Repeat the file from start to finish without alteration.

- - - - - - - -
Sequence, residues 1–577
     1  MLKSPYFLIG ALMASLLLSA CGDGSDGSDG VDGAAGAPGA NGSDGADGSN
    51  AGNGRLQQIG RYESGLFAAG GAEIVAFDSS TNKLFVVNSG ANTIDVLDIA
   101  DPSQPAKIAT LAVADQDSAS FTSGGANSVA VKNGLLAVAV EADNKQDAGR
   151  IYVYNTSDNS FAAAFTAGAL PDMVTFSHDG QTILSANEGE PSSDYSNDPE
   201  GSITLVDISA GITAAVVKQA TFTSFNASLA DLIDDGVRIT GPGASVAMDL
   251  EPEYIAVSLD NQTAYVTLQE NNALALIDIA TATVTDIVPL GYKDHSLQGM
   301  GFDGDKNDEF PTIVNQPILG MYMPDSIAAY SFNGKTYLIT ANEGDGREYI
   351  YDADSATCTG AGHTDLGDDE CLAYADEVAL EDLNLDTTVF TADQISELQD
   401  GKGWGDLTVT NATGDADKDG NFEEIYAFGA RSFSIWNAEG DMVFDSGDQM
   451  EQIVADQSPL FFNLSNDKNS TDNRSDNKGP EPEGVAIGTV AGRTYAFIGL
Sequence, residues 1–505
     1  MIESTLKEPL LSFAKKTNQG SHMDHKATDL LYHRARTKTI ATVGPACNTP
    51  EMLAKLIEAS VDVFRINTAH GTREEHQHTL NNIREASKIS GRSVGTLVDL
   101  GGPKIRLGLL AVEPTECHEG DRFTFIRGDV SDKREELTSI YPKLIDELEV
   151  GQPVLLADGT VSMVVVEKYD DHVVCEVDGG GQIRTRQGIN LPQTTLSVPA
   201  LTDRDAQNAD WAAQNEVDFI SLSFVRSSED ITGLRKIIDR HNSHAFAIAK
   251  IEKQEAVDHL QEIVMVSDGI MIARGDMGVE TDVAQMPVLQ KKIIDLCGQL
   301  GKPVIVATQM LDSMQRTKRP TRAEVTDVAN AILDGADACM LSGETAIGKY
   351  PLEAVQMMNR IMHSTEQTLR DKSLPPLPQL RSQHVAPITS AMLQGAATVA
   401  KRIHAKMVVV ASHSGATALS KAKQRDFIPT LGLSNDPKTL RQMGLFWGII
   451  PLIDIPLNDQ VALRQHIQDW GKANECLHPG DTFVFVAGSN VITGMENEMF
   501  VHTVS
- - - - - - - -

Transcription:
Sequence, residues 1–577
     1  MLKSPYFLIG ALMASLLLSA CGDGSDGSDG VDGAAGAPGA NGSDGADGSN
    51  AGNGRLQQIG RYESGLFAAG GAEIVAFDSS TNKLFVVNSG ANTIDVLDIA
   101  DPSQPAKIAT LAVADQDSAS FTSGGANSVA VKNGLLAVAV EADNKQDAGR
   151  IYVYNTSDNS FAAAFTAGAL PDMVTFSHDG QTILSANEGE PSSDYSNDPE
   201  GSITLVDISA GITAAVVKQA TFTSFNASLA DLIDDGVRIT GPGASVAMDL
   251  EPEYIAVSLD NQTAYVTLQE NNALALIDIA TATVTDIVPL GYKDHSLQGM
   301  GFDGDKNDEF PTIVNQPILG MYMPDSIAAY SFNGKTYLIT ANEGDGREYI
   351  YDADSATCTG AGHTDLGDDE CLAYADEVAL EDLNLDTTVF TADQISELQD
   401  GKGWGDLTVT NATGDADKDG NFEEIYAFGA RSFSIWNAEG DMVFDSGDQM
   451  EQIVADQSPL FFNLSNDKNS TDNRSDNKGP EPEGVAIGTV AGRTYAFIGL
Sequence, residues 1–505
     1  MIESTLKEPL LSFAKKTNQG SHMDHKATDL LYHRARTKTI ATVGPACNTP
    51  EMLAKLIEAS VDVFRINTAH GTREEHQHTL NNIREASKIS GRSVGTLVDL
   101  GGPKIRLGLL AVEPTECHEG DRFTFIRGDV SDKREELTSI YPKLIDELEV
   151  GQPVLLADGT VSMVVVEKYD DHVVCEVDGG GQIRTRQGIN LPQTTLSVPA
   201  LTDRDAQNAD WAAQNEVDFI SLSFVRSSED ITGLRKIIDR HNSHAFAIAK
   251  IEKQEAVDHL QEIVMVSDGI MIARGDMGVE TDVAQMPVLQ KKIIDLCGQL
   301  GKPVIVATQM LDSMQRTKRP TRAEVTDVAN AILDGADACM LSGETAIGKY
   351  PLEAVQMMNR IMHSTEQTLR DKSLPPLPQL RSQHVAPITS AMLQGAATVA
   401  KRIHAKMVVV ASHSGATALS KAKQRDFIPT LGLSNDPKTL RQMGLFWGII
   451  PLIDIPLNDQ VALRQHIQDW GKANECLHPG DTFVFVAGSN VITGMENEMF
   501  VHTVS